Sandy in Stockwood

Vision for a fair recovery

30 June 2020

Bristol is a thriving city and according to survey data it’s the happiest city in the UK. This is why I love Bristol and have chosen to spend my adult life here and make it my home.  It’s also why I’ve chosen to stand as the Green Party’s candidate for mayor.  

But while many people have benefitted from Bristol’s creative and entrepreneurial culture, there are many who are missing out, and not getting a fair share of the pie, particularly in the south of the city.  

Unequal Bristol

The Bristol Quality of Life survey, published before lockdown, showed that in the most deprived areas of the city, such as Hartcliffe, Filwood and Henbury, people were significantly less satisfied than those in others.

In the 10% most deprived areas of the city, only five out of ten people were happy with their local area compared to eight out of ten citywide.

In these deprived communities, one person in five found it hard to manage financially, and one in eight experienced food insecurity. And crucially, a third of people in our most deprived areas said that they needed to develop their skills. 

The list goes on, highlighting many differences between the wealthiest and poorest areas of Bristol.

I’ve noticed that a two-speed economy has developed during lockdown, with many still working hard and thriving and others being forced onto the breadline.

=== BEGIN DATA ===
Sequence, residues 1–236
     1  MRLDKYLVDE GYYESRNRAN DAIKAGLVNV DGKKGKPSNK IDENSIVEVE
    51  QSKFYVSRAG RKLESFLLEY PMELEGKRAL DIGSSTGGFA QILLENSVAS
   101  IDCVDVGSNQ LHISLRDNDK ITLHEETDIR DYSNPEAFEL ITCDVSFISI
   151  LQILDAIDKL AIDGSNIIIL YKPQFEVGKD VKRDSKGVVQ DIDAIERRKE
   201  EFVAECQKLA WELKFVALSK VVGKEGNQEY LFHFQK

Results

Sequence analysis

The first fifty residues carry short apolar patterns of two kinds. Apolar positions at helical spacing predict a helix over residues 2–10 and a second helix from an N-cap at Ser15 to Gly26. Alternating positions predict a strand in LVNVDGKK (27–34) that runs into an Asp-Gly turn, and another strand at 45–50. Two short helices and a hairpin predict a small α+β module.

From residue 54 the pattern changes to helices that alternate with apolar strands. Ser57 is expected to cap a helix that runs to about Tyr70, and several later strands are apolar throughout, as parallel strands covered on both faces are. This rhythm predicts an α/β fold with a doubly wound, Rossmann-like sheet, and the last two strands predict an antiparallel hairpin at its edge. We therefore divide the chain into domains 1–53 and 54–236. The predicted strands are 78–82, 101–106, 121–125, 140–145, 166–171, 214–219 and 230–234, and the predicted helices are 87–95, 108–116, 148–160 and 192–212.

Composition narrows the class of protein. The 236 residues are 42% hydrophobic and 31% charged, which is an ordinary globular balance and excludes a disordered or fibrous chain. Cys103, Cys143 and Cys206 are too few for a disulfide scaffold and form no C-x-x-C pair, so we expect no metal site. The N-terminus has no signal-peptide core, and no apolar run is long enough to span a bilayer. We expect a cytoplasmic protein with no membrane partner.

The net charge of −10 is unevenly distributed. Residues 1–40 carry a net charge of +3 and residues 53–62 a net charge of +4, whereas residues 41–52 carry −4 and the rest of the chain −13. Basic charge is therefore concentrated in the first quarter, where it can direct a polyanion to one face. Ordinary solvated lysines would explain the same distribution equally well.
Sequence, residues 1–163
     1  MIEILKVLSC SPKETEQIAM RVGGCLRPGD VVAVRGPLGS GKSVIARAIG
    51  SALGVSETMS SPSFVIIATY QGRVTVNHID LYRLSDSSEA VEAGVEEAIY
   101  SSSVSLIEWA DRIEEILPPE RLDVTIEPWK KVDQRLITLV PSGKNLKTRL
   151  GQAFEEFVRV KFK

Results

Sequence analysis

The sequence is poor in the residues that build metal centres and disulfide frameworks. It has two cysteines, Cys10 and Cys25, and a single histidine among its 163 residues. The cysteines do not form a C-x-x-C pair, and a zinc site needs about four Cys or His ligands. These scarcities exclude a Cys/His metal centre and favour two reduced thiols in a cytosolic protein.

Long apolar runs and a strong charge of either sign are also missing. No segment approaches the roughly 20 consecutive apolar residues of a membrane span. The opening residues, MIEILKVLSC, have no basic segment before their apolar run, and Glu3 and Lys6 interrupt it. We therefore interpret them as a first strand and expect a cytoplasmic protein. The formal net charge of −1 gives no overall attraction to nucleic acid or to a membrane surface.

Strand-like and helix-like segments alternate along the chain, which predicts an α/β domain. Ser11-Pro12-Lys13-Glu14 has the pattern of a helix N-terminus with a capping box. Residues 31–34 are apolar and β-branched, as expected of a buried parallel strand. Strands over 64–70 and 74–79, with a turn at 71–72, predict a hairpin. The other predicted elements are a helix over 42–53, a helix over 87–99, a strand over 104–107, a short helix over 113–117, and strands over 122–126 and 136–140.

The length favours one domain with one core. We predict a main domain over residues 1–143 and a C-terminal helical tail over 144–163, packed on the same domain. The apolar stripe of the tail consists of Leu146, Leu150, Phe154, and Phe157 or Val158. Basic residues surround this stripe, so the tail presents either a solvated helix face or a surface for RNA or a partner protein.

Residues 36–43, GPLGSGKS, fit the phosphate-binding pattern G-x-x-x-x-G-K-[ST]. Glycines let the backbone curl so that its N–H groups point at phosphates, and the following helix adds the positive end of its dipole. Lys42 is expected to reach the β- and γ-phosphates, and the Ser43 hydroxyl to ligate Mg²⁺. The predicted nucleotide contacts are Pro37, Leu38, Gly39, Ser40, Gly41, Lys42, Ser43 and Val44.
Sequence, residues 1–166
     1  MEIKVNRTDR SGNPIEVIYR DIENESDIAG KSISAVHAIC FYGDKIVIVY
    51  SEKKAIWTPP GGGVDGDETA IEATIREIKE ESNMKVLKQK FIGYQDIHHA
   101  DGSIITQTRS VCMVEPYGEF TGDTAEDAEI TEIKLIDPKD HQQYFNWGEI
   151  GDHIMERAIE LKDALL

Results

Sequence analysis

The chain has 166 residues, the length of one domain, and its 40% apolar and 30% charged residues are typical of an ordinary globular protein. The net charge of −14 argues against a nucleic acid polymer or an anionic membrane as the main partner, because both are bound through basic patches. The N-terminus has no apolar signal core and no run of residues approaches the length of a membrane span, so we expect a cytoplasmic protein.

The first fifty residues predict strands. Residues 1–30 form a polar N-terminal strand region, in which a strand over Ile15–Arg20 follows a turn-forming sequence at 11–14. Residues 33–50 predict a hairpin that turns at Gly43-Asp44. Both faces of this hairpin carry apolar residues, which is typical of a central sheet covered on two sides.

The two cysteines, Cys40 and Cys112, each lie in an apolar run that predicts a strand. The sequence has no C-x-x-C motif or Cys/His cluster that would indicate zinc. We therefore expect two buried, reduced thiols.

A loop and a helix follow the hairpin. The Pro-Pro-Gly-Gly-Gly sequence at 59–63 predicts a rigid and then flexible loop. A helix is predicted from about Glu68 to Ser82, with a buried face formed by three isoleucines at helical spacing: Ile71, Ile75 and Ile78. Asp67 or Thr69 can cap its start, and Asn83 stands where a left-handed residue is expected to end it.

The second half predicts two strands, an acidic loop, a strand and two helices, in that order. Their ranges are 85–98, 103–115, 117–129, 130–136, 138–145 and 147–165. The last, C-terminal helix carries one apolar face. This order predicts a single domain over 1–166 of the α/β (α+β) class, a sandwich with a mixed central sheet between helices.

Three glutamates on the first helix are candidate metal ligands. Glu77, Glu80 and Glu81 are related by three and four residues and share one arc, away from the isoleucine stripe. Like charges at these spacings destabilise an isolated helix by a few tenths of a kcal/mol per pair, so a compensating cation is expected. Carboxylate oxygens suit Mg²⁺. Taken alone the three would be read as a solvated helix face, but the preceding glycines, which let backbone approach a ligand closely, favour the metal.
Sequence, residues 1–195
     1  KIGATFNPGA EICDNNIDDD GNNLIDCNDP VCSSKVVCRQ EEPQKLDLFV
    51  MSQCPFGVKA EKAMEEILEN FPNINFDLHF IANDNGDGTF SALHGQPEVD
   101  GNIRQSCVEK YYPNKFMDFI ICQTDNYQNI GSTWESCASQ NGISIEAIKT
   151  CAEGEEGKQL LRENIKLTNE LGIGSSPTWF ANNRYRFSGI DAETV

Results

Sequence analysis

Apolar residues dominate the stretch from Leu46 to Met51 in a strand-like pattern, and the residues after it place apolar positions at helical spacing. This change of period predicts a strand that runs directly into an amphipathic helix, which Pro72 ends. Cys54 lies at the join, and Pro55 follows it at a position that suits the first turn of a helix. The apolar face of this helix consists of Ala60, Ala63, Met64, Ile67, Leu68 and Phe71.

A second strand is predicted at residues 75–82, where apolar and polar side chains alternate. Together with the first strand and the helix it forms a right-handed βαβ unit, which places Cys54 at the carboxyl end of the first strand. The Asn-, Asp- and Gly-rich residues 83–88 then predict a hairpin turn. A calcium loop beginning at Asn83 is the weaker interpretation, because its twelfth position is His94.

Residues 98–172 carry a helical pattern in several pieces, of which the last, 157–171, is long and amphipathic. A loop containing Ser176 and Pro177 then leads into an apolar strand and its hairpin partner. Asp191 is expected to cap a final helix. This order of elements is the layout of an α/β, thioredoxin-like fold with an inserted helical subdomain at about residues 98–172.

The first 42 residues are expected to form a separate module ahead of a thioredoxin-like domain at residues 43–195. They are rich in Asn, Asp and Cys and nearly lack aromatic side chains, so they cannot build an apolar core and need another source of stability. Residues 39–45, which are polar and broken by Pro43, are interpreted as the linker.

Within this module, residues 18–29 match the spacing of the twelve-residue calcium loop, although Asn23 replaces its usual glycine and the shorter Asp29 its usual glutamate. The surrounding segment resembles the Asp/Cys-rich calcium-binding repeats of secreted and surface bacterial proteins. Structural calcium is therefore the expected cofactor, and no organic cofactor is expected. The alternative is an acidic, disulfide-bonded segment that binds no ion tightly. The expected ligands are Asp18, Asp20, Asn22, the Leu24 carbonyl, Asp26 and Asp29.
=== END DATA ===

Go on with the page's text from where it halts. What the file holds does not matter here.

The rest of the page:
The impact of the lockdown and the ongoing restrictions mean that these differences are likely to get worse, with greater numbers of unemployed, and people struggling to pay their rent and bills and put food on the table. It’s the poorest and most vulnerable who will suffer most.  

Beyond words

However, I believe the pandemic also means we have a unique opportunity to address the inequalities in our society. There’s been a lot of talk about fairness, but we must go beyond words and show we’re serious about creating a fairer future.

A fair city for all will certainly involve change. Perhaps some radical changes. But it will mean improvements for the majority of people, and particularly for those who suffered under austerity. 

Adopting the fairness principle

For me, the key to a fairer future lies in adopting fairness as a fundamental principle in all we do and investing resources in our most disadvantaged communities.  

I believe we should focus efforts on training young people, and those who have lost careers due to Covid-19, in the new skills needed for a low-carbon economy. We need to give training in, for example, the technical skills needed to provide fast home-broadband, home insulation, and district heating networks and air-source heating.

These things will allow us to work from home as far as possible, reducing travel, and make our homes – including our 27,000 council homes – more energy-efficient and no longer dependent on fossil-fuel gas.

Investing in skills training will give our young people and the unemployed equal access to jobs. It will give them the means to be financially secure, to pay their own way and to keep out of the benefits system.  And of course, it will give them self-confidence and self-esteem. 

We in the Green Party estimate that 50,000 jobs could be created in Bristol in the energy and tech sectors valuable jobs that would set us on the path to a fair recovery.

It’s a win-win solution and one that we must grab hold of, and run with now. 

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